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Showing content with the highest reputation on 02/25/2018 in all areas

  1. 1 point
    I like your format. Even though the room will dominate in the actual measured response, outdoor GP is the best measure, since all devices are on an equal playing field. A 'FAQ' or frequently asked questions section on your website can answer a lot of the same repetitive questions that can tie up your time replying to inquiries. Well informed customers can then email you for additional information on your products.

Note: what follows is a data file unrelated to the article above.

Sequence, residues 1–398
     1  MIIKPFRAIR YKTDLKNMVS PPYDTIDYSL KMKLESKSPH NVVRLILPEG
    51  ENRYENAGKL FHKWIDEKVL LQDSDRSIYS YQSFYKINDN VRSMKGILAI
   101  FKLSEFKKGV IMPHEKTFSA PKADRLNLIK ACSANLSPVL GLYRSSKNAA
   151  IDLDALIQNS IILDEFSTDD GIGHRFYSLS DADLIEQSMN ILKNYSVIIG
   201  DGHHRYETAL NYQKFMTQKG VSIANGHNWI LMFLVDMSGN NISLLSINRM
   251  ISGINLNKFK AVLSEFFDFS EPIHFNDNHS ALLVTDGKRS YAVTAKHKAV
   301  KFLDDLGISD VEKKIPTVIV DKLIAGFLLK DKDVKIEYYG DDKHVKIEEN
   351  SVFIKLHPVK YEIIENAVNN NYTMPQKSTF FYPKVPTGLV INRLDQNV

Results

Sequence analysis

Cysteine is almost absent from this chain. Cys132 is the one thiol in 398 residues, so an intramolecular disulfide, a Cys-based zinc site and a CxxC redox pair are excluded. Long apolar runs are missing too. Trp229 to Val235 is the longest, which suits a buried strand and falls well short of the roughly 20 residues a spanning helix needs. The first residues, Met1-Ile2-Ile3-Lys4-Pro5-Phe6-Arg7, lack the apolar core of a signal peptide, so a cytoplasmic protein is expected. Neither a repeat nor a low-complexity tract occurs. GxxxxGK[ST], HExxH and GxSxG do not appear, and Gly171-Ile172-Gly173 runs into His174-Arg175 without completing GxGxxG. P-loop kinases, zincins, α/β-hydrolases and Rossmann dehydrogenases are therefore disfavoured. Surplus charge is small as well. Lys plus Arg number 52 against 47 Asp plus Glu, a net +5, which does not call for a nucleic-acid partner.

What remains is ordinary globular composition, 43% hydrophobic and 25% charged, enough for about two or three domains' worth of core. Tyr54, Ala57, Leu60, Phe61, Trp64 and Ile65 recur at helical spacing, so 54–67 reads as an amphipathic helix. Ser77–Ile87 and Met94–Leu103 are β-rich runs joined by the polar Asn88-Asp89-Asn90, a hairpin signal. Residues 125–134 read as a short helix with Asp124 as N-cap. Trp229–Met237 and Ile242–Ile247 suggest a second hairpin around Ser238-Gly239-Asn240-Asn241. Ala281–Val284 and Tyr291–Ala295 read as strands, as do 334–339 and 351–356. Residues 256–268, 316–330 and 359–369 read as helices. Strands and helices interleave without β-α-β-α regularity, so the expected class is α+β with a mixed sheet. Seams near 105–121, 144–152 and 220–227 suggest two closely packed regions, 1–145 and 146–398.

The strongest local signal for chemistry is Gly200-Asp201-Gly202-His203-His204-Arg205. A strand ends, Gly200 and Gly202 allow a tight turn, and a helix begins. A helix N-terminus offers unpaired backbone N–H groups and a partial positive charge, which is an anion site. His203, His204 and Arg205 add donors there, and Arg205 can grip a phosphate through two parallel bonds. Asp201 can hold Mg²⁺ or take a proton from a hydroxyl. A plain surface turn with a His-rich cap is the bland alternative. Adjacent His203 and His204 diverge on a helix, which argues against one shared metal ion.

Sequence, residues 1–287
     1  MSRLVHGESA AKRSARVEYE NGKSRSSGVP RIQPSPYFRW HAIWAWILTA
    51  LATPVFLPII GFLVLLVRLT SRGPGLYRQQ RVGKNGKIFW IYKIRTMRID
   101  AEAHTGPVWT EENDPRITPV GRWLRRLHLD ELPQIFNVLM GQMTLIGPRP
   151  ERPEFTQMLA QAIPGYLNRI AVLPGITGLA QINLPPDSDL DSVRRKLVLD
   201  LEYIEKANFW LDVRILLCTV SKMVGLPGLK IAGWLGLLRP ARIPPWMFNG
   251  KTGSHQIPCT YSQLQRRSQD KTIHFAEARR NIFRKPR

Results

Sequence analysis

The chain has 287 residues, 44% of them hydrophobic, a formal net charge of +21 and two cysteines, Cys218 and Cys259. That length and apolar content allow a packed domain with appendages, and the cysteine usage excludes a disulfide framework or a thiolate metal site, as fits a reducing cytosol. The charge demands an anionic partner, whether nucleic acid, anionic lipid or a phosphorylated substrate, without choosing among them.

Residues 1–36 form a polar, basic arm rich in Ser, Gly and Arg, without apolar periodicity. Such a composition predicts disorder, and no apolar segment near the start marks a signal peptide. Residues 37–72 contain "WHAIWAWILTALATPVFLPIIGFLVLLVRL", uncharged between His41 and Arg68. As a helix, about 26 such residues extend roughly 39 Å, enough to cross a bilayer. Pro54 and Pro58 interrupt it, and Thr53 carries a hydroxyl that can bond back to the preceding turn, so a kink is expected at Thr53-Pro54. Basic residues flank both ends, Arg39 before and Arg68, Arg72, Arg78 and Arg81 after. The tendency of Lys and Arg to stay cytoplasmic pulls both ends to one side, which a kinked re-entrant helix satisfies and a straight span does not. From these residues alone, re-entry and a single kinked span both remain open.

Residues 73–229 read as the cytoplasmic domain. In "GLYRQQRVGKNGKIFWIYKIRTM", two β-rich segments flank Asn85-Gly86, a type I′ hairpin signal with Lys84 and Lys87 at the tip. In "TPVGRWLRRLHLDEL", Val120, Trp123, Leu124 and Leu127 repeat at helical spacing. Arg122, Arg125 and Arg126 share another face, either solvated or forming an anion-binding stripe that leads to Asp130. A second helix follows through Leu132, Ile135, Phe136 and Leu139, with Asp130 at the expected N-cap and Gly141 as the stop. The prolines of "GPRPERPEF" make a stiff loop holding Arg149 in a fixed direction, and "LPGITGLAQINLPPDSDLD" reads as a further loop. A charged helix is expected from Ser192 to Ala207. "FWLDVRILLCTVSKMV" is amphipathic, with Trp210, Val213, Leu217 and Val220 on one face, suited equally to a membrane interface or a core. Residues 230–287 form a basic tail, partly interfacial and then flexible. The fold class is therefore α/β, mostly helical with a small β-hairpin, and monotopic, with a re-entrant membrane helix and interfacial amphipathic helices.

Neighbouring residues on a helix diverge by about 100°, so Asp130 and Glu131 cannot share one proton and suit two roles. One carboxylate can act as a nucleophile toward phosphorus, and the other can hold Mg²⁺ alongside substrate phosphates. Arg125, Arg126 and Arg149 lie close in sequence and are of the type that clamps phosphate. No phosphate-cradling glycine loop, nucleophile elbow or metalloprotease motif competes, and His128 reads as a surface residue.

2. 1 point